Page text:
And know that you have women everywhere watching you and cheering you on.
If you read my post last week, you’ll know that I decided not to give up a specific material item for lent this year. Today I have a lent update. I have decided that, this year, I have a lent necklace.
This necklace has a story. At my 35th birthday supper, my husband nervously handed me a gift bag as my 5 year old son looked on bursting with excitement. He explained that he had taken Josiah to the mall to help him pick out a gift for me, and Josiah had immediately chosen the gift I was about to open. “He insisted it was the gift he wanted to get you,” Dallas explained. “He wouldn’t even look at anything else once he saw this.” I could tell Dallas was giving me a little bit of warning: “This might suck,” he was saying. “But your kid chose it, so BE COOL.”
But I didn’t have to “be cool.” I loved it right away. It was a brass necklace, not expensive and not fancy, with two pendants hanging from two different chains. One was a bird cage, and the other was a bird.
That birthday was a complicated one for me. Two months before my sister, Roxanne, had been told that she no longer had any options for treatments after seven years of cancer. She was still doing well when I opened that necklace, but the reality that the 35th year of my life would be the last year of my sister’s life was heavy on me that birthday. I knew neither Dallas or Josiah had been thinking about that when they bought the necklace. But in that simple image – a bird and an empty cage – I felt hope. I thought that my sister’s life would soon be like that bird’s – free from the cage of cancer. Free to new life. It was perfect.
This Sunday as I got ready to head into a very-lonely worship service, 11 months into online church and 10 and half months into me being totally over it, I ran my hands over my jewelry to select something to wear with my outfit. I paused at my “bird necklace,” and thought “This works.”
For this lent, I am preaching about freedom. My sermon this past Sunday asked “Is this book a chain?” and I would be holding a Bible and a heavy chain up together, asking again and again what the Bible was really meant to be. Spoiler: It isn’t a chain. It’s a lot more like a bird free from a cage.
I didn’t think anyone would notice my subtle sermon illustration in my necklace, but I knew why I was wearing it. I knew that this lenten season I needed all the reminders that I could get about God giving freedom. I need reminders that God’s story is not one meant to oppress us, but one that is meant to set us free. I need reminders that the cages I live in won’t trap me forever. I need reminders that God has freedom and new life for me as much today as he did back when I turned 35. And I need reminders that I am called to help open the cage doors for others. Once again, it was the perfect necklace.
I put it on, and I preached a sermon to a video camera and I talked about the freedom I believe God has for all of us. I felt the heaviness not only of the ways the Bible is often used to oppress others, but I also felt the heaviness of how trapped I felt in ways of doing ministry I never wanted to do. When the day ended, and it was time to take the necklace off, I paused as I hung it up. Maybe….maybe this was something I should keep wearing. Maybe I need these reminders every day this lent. I need to remember that the story of God will always set me free. I need to remember that I am called to seek freedom for others.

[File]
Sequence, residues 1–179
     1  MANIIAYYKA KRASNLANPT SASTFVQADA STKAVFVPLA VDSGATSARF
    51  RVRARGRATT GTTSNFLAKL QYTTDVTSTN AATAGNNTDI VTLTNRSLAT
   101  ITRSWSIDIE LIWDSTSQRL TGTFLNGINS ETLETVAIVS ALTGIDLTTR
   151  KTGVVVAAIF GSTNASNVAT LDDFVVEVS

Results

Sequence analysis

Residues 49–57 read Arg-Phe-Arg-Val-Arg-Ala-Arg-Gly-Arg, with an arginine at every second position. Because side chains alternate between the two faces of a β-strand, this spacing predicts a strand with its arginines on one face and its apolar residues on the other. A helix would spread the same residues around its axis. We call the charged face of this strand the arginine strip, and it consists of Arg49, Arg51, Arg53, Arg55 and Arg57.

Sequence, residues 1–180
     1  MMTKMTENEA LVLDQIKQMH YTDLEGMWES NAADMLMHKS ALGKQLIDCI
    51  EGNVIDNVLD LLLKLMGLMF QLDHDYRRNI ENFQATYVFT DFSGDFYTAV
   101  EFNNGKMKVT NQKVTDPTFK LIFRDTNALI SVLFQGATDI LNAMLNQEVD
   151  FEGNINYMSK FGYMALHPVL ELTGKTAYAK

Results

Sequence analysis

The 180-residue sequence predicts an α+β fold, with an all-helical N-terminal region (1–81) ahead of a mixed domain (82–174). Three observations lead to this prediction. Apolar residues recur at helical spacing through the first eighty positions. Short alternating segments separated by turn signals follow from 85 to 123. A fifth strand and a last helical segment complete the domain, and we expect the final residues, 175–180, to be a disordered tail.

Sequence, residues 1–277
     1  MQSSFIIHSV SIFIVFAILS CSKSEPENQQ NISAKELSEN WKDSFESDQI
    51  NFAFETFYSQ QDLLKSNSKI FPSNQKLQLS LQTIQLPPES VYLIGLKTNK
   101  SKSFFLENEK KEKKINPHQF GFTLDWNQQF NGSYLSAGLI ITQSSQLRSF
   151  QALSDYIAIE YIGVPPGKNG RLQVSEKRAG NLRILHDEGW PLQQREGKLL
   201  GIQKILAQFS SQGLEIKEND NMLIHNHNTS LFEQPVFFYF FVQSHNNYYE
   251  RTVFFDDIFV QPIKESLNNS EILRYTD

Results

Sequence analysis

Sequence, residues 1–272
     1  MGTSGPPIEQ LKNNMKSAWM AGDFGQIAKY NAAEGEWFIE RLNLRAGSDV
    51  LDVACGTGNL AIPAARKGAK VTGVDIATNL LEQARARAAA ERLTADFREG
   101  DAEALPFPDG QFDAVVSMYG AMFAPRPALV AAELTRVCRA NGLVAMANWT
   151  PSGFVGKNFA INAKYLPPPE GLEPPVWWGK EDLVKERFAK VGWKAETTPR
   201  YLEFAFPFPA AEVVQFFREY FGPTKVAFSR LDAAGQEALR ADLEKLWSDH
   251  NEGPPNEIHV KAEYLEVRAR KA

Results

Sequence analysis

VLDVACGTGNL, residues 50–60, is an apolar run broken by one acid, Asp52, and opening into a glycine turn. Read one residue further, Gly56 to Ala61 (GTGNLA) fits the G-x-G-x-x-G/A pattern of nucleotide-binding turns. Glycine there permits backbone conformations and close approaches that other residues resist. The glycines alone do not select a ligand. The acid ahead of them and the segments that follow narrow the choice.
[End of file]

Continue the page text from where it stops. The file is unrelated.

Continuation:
So this lent, instead of giving something up, I’m putting something on. I’m putting on a necklace. I’m putting on a reminder that captivity is not where the story ends – not for me, and not for anyone else. May I be a freedom fighter. Even as many doors stay closed, may I keep working to keep the cage doors open.
I’m a lent latecomer, full disclosure. I knew people who practiced lent growing up, but my tradition didn’t. I only came to appreciate lent – the season leading up to Good Friday and Easter in the Church calendar – in recent years.
I especially value the practice of fasting that accompanies lent. I have found it meaningful to intentionally refrain from certain things in order to make space to reflect on Jesus’ death and my own mortality. Through the years I’ve given up red meat, pop, Twitter and even wearing jewelry for lent. I learned a lot each time.
But this year, I laughed at the idea of giving up something for lent. I joked to my husband: “For lent this year, I’m giving up going to parties and eating in restaurants and social gatherings!” For most of us, it feels like we’ve had a year-long lent. We have given up a lot, and we are still in a season of letting things go. “What else could we possibly deny ourselves?” is a question you may join me in asking. We’ve had nearly a year of missing out on many things that bring us joy and, quite frankly, if you need chocolate to get you through the next six weeks, I say: Go for it. Jesus will understand, I promise.
When lent started yesterday, it was cold and snowy. Technically, we had just moved into the “Red Zone” in our city so some stuff is opening up. But at the same time every news story was yelling at us about a third wave and how we should still stay home. Vaccines have been a debacle. And I think we all know that we’ve got a lot more than six weeks of covid-lent-like conditions ahead of us.
In a grumpy moment, I said to a friend: “This year for lent, I’m giving up hope.”
That’s how I felt. I was tired of hoping that “the end is in sight.” I was tired of hoping that things would “be better soon.” I was tired of saying “we got this!” Most days, I do not have this. Most days, all I can think about is how much I just want to go to my friend’s house and sit on her couch and let our kids play. I ache for those simple pleasures to return.